By EAS Independent Consultant, John Harbell
The process of developing and testing a sunscreen is not unusually difficult but it does require close attention to the regulations and coordination with the testing laboratory preparing the efficacy data.
Sunscreens may be part of a cosmetic line and those that are intended to provide protection from incidental sun exposure during the normal day’s activities are often called “cosmetic sunscreens”. On the other hand, sunscreens intended to provide protection from prolonged sun exposure activities such as beach, pool, or other activities where sun exposure is high and resistance to water or perspiration is required. These products are often called “active or sport” formulations. The formulation requirements for each class are slightly different but the underlying regulations for the products are the same.
In the United States, sunscreens and several other categories of functional products are regulated under the over-the-counter (OTC) drug regulations of the Food and Drug Administration (21 CFR 352). These regulations define the allowable active ingredients (termed UV filters) and their maximum use concentrations, the performance testing required to establish the efficacy of the product (SPF, Broad Spectrum coverage, and water resistance), and labeling of the product.
An important concept of the OTC program is that the active ingredients used in the formulation will be considered safe provided that the regulations are followed. Therefore, the individual new formulation does not require approval from FDA. The specific OTC drug regulations for sunscreens are unique to the United States, but many of the same principles apply in many markets. In the European Union, sunscreens are regulated as cosmetics (for labeling) but certain restrictions for active ingredients and testing apply.
In all major markets, the active ingredients that can be used as UV filters are prescribed by positive lists (that is, only ingredients on the specific list for that market may be used). The maximum concentration of each active ingredient is also indicated. These lists for both specific ingredients and maximum concentrations are not the same across markets. Thus, a product prepared for one market may well not be acceptable in another. For example, the United States has a shorter list of approved UV filters than does the EU and so many EU products are excluded from the U.S. market.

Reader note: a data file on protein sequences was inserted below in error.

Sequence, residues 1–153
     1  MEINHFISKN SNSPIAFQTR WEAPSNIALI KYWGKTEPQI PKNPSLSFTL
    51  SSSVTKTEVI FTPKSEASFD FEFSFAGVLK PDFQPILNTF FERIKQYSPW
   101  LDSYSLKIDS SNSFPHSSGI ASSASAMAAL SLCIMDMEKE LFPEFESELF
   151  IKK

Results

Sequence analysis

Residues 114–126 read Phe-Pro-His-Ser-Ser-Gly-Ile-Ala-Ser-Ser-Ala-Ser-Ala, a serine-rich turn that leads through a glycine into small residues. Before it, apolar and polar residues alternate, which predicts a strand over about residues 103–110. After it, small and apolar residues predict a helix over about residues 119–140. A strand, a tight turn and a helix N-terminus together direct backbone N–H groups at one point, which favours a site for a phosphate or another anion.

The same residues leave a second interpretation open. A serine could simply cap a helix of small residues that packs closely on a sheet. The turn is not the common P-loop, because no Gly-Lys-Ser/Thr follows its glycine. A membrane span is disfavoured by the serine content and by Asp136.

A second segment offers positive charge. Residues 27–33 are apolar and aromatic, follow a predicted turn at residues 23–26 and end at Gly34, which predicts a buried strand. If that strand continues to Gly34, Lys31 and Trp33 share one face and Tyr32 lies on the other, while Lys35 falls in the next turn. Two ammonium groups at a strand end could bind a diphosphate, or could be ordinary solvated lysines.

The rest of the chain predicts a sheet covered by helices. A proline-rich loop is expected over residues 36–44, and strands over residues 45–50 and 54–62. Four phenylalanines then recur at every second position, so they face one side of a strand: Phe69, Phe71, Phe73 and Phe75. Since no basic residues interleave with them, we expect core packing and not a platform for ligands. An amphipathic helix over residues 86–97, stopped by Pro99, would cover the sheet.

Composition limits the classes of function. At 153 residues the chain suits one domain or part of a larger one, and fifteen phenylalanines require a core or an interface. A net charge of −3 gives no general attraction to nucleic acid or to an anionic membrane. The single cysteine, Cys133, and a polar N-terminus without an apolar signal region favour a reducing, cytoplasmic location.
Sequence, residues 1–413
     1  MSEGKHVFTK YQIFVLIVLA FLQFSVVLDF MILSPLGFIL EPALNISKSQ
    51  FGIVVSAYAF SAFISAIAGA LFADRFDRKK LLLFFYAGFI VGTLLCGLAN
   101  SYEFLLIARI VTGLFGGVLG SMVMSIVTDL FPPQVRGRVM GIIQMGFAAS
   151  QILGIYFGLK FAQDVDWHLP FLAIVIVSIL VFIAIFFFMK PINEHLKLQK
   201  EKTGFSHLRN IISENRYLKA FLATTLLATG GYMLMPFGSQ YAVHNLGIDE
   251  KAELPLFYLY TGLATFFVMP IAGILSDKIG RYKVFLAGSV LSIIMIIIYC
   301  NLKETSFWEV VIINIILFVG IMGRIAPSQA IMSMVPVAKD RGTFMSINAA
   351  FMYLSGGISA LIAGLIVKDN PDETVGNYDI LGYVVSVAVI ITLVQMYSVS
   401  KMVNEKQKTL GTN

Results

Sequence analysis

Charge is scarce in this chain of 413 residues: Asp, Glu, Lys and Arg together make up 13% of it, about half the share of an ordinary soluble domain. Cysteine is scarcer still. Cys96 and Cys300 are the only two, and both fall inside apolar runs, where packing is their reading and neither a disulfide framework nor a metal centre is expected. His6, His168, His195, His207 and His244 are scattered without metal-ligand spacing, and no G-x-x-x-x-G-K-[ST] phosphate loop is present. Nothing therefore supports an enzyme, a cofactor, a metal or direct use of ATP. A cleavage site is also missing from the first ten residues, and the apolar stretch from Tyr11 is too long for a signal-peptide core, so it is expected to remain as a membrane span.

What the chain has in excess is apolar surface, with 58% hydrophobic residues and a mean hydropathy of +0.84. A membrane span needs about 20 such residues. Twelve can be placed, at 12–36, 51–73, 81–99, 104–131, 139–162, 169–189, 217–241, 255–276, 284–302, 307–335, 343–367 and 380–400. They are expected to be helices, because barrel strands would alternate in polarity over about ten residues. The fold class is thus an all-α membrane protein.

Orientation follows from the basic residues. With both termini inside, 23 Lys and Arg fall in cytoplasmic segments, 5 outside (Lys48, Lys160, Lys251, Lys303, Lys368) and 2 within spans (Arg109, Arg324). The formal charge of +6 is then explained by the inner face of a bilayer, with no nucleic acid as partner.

A functional sunscreen formulation is not simply the sum of its active ingredients. If it were, efficacy testing would be rather easy. The remaining ingredients, termed inactive ingredients under the regulation, are essential not only for the aesthetics of the product but for its efficacy as well. To function effectively, the formulation must hold the UV filters in a film on the surface of the skin. The film holds the UV filters to form a “tortuous path” through which the UV light must pass. The filters scatter and absorb the UV light attenuating exposure to the skin below. Since the surface of the skin is not flat, the formulation must form a film that can cover the skin peaks and valley to block the UV light.
While the formation of a surface film is required for function, it can impact product esthetics. Cosmetic sunscreens, such as facial moisturizers, are intended for incidental UV exposure with limited water or perspiration exposure. These products may be successful with less robust film former. Active or sport formulation require considerable water resistance (once they have dried on the skin) and so need more robust, less water-soluble film formers.
In summary, to ensure regulatory compliance of OTC sunscreen formulations, it’s important to closely follow the regulatory and testing requirements.